A collaborative initiative by several role players – comprising a mine, an enterprise supplier development specialist, equipment suppliers and a financier – has afforded a start-up contractor access to market, as well as the necessary funding to purchase its first fleet of equipment. The model – which saw the contractor use its awarded three-year contract as collateral to secure financing to purchase capital goods worth R8,5-million – can serve as a blueprint for SMME development across an array of other sectors, writes Munesu Shoko.
In recent years, lack of access to funding has largely been regarded as a major slippery slope for upcoming contractors. However, Otukile Moshori, MD of of Regoapele Capital, a leading enterprise supplier development specialist, says the funding drawback can’t be resolved without dealing with the issue of access to markets first. “Unfortunately, many corporates do not create feasible access to markets for emerging SMMEs. This exacerbates the lack of financing because any form of funding is based on the ability to repay,” says Moshori.
Regoapele Capital is an experienced company in this area. The firm focuses on opportunity-based development for upcoming businesses. This entails funding, financial planning, financial management and effective market access strategies for SMMEs. “We have a footprint across three provinces. We strongly believe in presence and proximity to markets and clients for effective and sustainable delivery,” says Moshori.
Regoapele Capital recently played a major role in a collaborative initiative which Moshori deems as a blueprint for SMME development – the initiative balances the creation of access to markets with access to funding for SMMEs. As an enterprise and supplier development partner to Glencore Lydenburg Smelter, Regoapele Capital led the negotiations in securing a three-year contract for Sicediwe, a 100% black woman-owned small contractor based in rural Mpumalanga.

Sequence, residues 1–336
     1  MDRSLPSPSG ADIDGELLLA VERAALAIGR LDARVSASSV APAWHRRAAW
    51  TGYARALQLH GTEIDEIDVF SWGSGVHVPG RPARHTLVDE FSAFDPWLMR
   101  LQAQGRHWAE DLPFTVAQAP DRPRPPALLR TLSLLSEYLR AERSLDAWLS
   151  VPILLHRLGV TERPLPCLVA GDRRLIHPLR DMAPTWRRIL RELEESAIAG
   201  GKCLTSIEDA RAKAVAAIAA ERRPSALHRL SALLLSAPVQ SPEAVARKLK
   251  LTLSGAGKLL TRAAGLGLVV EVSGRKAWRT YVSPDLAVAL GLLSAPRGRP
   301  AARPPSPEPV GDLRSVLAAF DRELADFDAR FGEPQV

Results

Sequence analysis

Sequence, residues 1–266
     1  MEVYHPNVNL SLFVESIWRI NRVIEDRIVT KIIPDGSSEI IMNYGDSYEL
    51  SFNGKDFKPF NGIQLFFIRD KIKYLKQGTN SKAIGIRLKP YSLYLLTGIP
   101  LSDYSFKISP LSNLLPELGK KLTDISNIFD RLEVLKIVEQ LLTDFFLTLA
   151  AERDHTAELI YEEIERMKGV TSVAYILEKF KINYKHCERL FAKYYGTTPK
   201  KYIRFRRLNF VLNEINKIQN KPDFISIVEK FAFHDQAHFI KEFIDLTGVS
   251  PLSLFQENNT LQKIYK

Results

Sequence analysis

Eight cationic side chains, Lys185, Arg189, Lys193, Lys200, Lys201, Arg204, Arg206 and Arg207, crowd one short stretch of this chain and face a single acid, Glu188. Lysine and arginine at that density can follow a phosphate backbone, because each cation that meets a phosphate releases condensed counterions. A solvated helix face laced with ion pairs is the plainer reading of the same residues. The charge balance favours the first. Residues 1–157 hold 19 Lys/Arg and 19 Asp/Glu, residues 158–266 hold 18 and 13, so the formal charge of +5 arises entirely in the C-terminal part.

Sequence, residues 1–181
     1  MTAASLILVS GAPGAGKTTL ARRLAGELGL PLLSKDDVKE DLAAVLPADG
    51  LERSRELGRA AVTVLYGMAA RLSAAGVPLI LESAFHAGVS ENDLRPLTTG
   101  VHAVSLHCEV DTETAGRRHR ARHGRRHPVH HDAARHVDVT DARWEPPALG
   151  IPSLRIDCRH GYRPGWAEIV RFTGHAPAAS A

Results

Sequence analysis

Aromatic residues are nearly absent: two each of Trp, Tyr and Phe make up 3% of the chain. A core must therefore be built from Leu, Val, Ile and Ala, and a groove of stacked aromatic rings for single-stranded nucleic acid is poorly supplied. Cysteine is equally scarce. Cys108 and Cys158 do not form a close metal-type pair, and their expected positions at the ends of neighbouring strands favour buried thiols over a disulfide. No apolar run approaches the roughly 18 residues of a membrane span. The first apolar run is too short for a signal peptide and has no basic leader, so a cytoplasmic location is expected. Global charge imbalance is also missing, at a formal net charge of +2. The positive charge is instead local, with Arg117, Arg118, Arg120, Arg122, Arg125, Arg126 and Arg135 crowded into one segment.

Access to market
Sicediwe was established in 2014 by Mary Mkhabela through her involvement in the Mashishing local economic development forum. This is an SMME development initiative led by Regoapele Capital and aimed at taking small businesses through the intricacies of running a business. Through the initiative, Regoapele Capital helped Mkhabela identify an opportunity to provide metal breaking services at Glencore Lydenburg Smelter, a crucial niche application in the mining/smelter industry.
Prior to that, the company had previously undertaken various jobs for Glencore Lydenburg Smelter, such as painting, renovations, paving and construction, to build its profile and a trust base with the client. This gave it the required experience in terms of Mine Health & Safety requirements.
Glencore went on to award Sicediwe a three-year contract. “We awarded Sicediwe a three-year contract with an option to extend for a further two years. The scope of the contract is to break down run-of-mine ferrochrome material just before it goes into the crusher,” explains Conroy van der Westhuizen, general works manager at Glencore Lydenburg Smelter.
Sicediwe has been tasked to break 30 000 t of ferrochrome in a R700 000 per month contract. “This is a true empowerment initiative which will see the black woman-owned company servicing a core mining activity, employing 12 permanent people in the process,” says Van der Westhuizen.
Access to funding
Regoapele Capital’s role entailed interacting with Glencore Lydenburg management to assess the viability of the opportunity. This was a detailed process where all aspects were looked at, ranging from the right equipment to execute the job and the costing of the machines to comparison between different OEMs’ offerings and interacting with existing owners to get advice on what works best.
“After gathering the relevant information, the next step was to look at different finance houses to get the best funding package for purchasing equipment needed to execute the contract. We found the process to be educational for most financiers too as they don’t necessarily have the skills sets to asses mining operations,” adds Moshori.